The 5 Love Languages for Singlesby Gary Chapman
Gary Chapman first penned the best-selling The Five Love Languages more than ten years ago. The core message has hit home with over 3 million people as it focuses on humanity's deepest emotional need: the need to 'feel' loved. This need is felt by married and singles alike. Dr. Chapman now tackles the unique circumstances that singles face, and integrates how
Gary Chapman first penned the best-selling The Five Love Languages more than ten years ago. The core message has hit home with over 3 million people as it focuses on humanity's deepest emotional need: the need to 'feel' loved. This need is felt by married and singles alike. Dr. Chapman now tackles the unique circumstances that singles face, and integrates how the same five love languages apply in their relationships.
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The Five Love Languages for Singles
By Gary Chapman
NORTHFIELD PUBLISHINGCopyright © 2004 Gary Chapman
All right reserved.
Chapter OneSingle Adults: Significant and Growing
IF YOU'RE READING THIS BOOK, chances are you're either single or know someone who is. More than four of every ten American adults are single-88.5 million Americans. In fact, the United States has more single adults than any other nation in the world except China and India.
Of course, single adults are not a homogeneous lot. There are at least five categories of single adults, each very different from the others. The largest category of singles is those who have never been down the aisle, but the other four also command our attention. Here are the five groups:
1. Never married. Age eighteen and older, this group is 49 million strong. The median age of a first marriage has risen to twenty-five among women and twenty-seven among men. This means that, in the general population among people eighteen to twenty-four, almost nine out of ten (87 percent) have never been married.
2. Divorced. Today, at any one time, 10 percent of all adults are divorced. Over time, however, many more married adults suffer through a divorce. Within five years, 20 percent of all marriages end in divorce. Within ten years, one-third of all couples will be divorced, and within fifteen years, 43 percent will be divorced.
3. Separated but not divorced. These are individuals who are still legally married but no longer live under the same roof. In lifestyle they are more single than married. The separated status, however, is temporary. These individuals will either reconcile with their spouses or go on and formalize their separation by legal divorce. Research indicates that 97 percent of white women (and 75 percent of nonwhite women) who separate from their husbands end up divorced within five years of the separation.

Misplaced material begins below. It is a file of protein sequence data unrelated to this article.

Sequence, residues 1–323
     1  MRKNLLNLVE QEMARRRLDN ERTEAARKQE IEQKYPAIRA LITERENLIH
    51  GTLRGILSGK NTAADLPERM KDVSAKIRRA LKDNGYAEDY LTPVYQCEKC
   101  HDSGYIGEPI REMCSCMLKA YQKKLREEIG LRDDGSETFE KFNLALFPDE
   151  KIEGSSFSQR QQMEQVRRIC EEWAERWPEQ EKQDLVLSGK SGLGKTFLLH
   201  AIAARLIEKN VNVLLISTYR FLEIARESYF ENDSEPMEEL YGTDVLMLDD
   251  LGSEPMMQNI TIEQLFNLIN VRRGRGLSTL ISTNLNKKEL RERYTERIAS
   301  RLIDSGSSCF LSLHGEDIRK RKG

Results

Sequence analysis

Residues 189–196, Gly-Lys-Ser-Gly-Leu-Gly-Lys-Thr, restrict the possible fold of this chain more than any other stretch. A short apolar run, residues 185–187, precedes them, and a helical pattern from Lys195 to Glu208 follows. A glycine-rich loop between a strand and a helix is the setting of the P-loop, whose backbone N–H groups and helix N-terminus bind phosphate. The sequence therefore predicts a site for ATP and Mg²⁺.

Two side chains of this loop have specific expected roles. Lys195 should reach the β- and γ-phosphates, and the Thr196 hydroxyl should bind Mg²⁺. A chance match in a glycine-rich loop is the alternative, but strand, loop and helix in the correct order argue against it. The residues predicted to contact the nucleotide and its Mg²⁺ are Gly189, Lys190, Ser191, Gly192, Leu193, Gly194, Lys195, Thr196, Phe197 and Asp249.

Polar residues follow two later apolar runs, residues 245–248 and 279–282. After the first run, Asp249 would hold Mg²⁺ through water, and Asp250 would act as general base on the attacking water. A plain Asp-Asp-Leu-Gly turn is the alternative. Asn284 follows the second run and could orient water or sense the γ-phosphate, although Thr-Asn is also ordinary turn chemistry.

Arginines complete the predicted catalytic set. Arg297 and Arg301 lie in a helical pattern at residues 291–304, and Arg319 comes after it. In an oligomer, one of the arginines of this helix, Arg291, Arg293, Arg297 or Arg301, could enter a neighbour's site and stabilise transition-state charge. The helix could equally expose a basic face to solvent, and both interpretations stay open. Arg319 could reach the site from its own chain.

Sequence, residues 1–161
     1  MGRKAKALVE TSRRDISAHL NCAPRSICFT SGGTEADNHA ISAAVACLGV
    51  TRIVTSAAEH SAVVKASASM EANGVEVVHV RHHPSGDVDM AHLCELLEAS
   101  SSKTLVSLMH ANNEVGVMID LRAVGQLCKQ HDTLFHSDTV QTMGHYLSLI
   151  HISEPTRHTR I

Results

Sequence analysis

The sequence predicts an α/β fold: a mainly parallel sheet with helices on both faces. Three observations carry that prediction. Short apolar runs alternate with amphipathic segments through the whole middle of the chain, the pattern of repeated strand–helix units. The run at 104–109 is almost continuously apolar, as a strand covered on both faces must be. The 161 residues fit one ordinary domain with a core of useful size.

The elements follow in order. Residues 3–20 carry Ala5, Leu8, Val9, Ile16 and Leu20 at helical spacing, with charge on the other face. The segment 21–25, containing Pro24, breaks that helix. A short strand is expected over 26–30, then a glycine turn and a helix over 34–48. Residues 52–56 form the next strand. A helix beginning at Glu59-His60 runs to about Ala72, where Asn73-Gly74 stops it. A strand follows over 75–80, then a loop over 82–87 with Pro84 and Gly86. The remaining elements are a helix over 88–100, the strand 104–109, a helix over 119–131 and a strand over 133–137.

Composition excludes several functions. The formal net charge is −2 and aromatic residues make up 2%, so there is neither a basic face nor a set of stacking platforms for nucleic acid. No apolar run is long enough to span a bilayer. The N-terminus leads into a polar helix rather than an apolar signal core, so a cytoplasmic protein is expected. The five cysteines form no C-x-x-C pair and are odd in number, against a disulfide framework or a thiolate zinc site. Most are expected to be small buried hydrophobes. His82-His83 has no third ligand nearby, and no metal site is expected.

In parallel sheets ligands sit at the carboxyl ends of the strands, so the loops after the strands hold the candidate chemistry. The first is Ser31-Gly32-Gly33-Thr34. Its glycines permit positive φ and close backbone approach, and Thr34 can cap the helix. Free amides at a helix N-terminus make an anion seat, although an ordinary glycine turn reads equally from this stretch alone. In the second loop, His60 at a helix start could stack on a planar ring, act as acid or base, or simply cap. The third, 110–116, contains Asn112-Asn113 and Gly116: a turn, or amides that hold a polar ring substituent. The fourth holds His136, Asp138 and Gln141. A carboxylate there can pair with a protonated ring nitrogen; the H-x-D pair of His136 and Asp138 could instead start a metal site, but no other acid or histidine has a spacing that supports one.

4. Widowed. Widowhood is definitely gender biased. Four out of five adults who are single because of the death of a spouse are females. Nearly half of all women sixty-five and older are widowed, compared to only 14 percent of all men.
5. Single parents. One hundred years ago, fewer than one out of every hundred adults was a single parent of a child under eighteen. Today there are more than twelve million single parents with children under eighteen in their care-almost one out of every three families. Obviously, many single parents are also divorced. But a growing number of single parents have never been married. Among those who are single moms, 40 percent were never married to the father of their children. Thus a growing number of never-married singles are also single parents.
Diverse Yet United
It is obvious from this overview that single adults are very diverse. However, they are united by those factors that hold all of us together as humans. If you are a single adult, you're seeking to understand yourself and your place in the world. Every single wrestles with values, morals, relationships, and meaning. At the heart of this pursuit is the need as an unmarried person to give and receive emotional love.
Whatever the category, as a single adult you want to feel loved by the significant people in your life. You also want to believe that someone needs your love. Giving and receiving love is at the center of the single adult's sense of well being. If you feel loved and needed, you can survive the pressures of life. Without love, life can become exceedingly bleak.
The Man with the Metal Halo
Rob illustrates the power of love when one is almost overcome by the problems of life. I first met Rob on one of my trips to the Grand Canyon (which in my opinion is one of nature's most beautiful portraits). On the south rim of the canyon, somewhere near the Bright Angel Trail, I spotted Rob and two older adults. He was not hard to spot, because he was wearing a back brace with a metal halo that circled his head. I gave him a friendly nod and a smile, my way of saying hello.
Rob responded, "Hello, I hope you're having a good morning." His smile was inviting, so I entered into conversation. I discovered that he had suffered spinal injuries in a hiking accident. The older couple was his mom and dad.
The three had planned a family trip to the Grand Canyon two years earlier. The first year money was a problem, so they postponed their dream. Then Rob had his accident and they couldn't leave home. Now that Rob was doing somewhat better, they had come to see the canyon. When they originally' had planned the trip, they intended to hike to the foot of the canyon. Their dream had been altered but not destroyed. So they planned to spend the week enjoying the sights of the canyon.